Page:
So it's clear that you need to start cleaning your phone regularly. The Federal Communications Commission (FCC) actually recommends daily sanitation of your phone and other devices because these viruses can survive for several days on hard plastic surfaces.
Use alcohol-based wipes or sprays. They need to contain at least 70 percent alcohol to disinfect phone casings and touch screens, and do it every day if possible.
Do not spray sanitizers directly onto the phone and keep liquids away from connection points or other phone openings. Absolutely avoid using bleach or abrasive cleaners. And wash your hands thoroughly after you've finished cleaning.
Thinking about how you handle your phone will also help to avoid it becoming colonized with germs. When not at home, keep your phone in your pocket or bag, and use a disposable paper list of to-do items, rather than constantly consulting your phone. Touch your phone with clean hands washed with soap and water or disinfected with alcohol-based hand sanitizer.
There are other things you can do to avoid your phone becoming a source of viruses. Do not share your phone with others if you have any infection, or have not first sanitized it. If children are allowed to play with your phone, sanitize it as soon as possible afterward.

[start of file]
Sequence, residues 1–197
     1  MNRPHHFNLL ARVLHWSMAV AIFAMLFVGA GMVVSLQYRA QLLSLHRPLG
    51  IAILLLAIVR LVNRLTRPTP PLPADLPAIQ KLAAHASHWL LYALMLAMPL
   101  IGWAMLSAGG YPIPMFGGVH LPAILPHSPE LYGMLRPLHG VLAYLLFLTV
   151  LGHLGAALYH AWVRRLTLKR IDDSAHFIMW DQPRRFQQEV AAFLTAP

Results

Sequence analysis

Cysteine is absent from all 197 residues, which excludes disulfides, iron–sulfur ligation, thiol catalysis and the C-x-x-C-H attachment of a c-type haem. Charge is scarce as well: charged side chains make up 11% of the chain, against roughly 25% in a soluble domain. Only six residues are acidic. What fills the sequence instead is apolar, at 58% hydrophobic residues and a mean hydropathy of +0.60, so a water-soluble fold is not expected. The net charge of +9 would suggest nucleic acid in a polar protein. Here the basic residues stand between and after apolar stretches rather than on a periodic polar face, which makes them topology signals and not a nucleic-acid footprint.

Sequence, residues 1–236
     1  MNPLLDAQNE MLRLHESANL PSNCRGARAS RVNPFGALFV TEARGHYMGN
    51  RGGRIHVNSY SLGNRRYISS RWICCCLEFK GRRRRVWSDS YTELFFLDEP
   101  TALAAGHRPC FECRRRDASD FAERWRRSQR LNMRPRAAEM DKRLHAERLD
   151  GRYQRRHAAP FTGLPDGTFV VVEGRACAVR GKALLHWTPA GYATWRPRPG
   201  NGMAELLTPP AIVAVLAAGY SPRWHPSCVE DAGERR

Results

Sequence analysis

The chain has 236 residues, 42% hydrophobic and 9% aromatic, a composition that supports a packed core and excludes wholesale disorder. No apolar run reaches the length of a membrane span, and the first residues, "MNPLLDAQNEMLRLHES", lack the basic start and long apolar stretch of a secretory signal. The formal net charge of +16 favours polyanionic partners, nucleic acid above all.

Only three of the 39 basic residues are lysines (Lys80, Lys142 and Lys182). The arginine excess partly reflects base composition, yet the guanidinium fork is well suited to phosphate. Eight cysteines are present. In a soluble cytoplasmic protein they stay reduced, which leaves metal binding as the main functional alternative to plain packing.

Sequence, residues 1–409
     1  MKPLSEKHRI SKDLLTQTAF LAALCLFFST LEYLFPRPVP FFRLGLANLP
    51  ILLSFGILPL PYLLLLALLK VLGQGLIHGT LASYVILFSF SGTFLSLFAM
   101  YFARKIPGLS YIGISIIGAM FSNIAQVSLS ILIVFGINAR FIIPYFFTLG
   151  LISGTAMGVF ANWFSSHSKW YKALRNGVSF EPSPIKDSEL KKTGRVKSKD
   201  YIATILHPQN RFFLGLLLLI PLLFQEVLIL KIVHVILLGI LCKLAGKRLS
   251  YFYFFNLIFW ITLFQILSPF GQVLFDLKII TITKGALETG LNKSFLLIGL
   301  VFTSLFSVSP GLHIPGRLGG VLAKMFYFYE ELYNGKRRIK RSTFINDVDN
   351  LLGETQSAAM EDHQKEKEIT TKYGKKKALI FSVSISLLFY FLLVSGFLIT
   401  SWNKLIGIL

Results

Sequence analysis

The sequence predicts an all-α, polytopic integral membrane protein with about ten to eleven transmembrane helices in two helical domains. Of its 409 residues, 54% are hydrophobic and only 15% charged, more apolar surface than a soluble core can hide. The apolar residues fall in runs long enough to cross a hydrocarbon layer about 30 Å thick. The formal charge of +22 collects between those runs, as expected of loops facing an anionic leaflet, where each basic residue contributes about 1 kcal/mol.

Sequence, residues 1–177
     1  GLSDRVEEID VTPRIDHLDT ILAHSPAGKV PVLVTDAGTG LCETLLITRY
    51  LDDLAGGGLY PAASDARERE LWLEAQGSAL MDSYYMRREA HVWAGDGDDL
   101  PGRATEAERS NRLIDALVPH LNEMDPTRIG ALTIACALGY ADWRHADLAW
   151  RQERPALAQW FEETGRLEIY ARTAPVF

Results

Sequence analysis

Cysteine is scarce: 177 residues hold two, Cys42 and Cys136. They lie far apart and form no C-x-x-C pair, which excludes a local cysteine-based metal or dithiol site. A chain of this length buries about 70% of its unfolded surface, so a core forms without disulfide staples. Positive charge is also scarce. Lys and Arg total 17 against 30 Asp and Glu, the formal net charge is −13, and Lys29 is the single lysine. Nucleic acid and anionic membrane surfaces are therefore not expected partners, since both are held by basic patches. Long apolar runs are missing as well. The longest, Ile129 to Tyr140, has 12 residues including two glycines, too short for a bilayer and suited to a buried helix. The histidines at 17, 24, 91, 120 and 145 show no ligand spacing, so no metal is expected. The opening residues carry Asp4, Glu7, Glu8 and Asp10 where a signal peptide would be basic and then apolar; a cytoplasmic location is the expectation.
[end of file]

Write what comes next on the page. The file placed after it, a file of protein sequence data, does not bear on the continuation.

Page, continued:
And get in the habit of putting your phone away when it's not in use, then sanitizing or washing your hands. You might also want to occasionally sanitize your phone charger when you are cleaning your phone.
This article is republished from The Conversation under a Creative Commons license. You can find the original article here.
Primrose Freestone, Ph.D., is an associate professor in clinical microbiology in the department of respiratory sciences at the University of Leicester. She is a co-founder and internationally recognized leader in the field of microbial endocrinology, a research discipline that represents the intersection of microbiology, endocrinology and neurophysiology.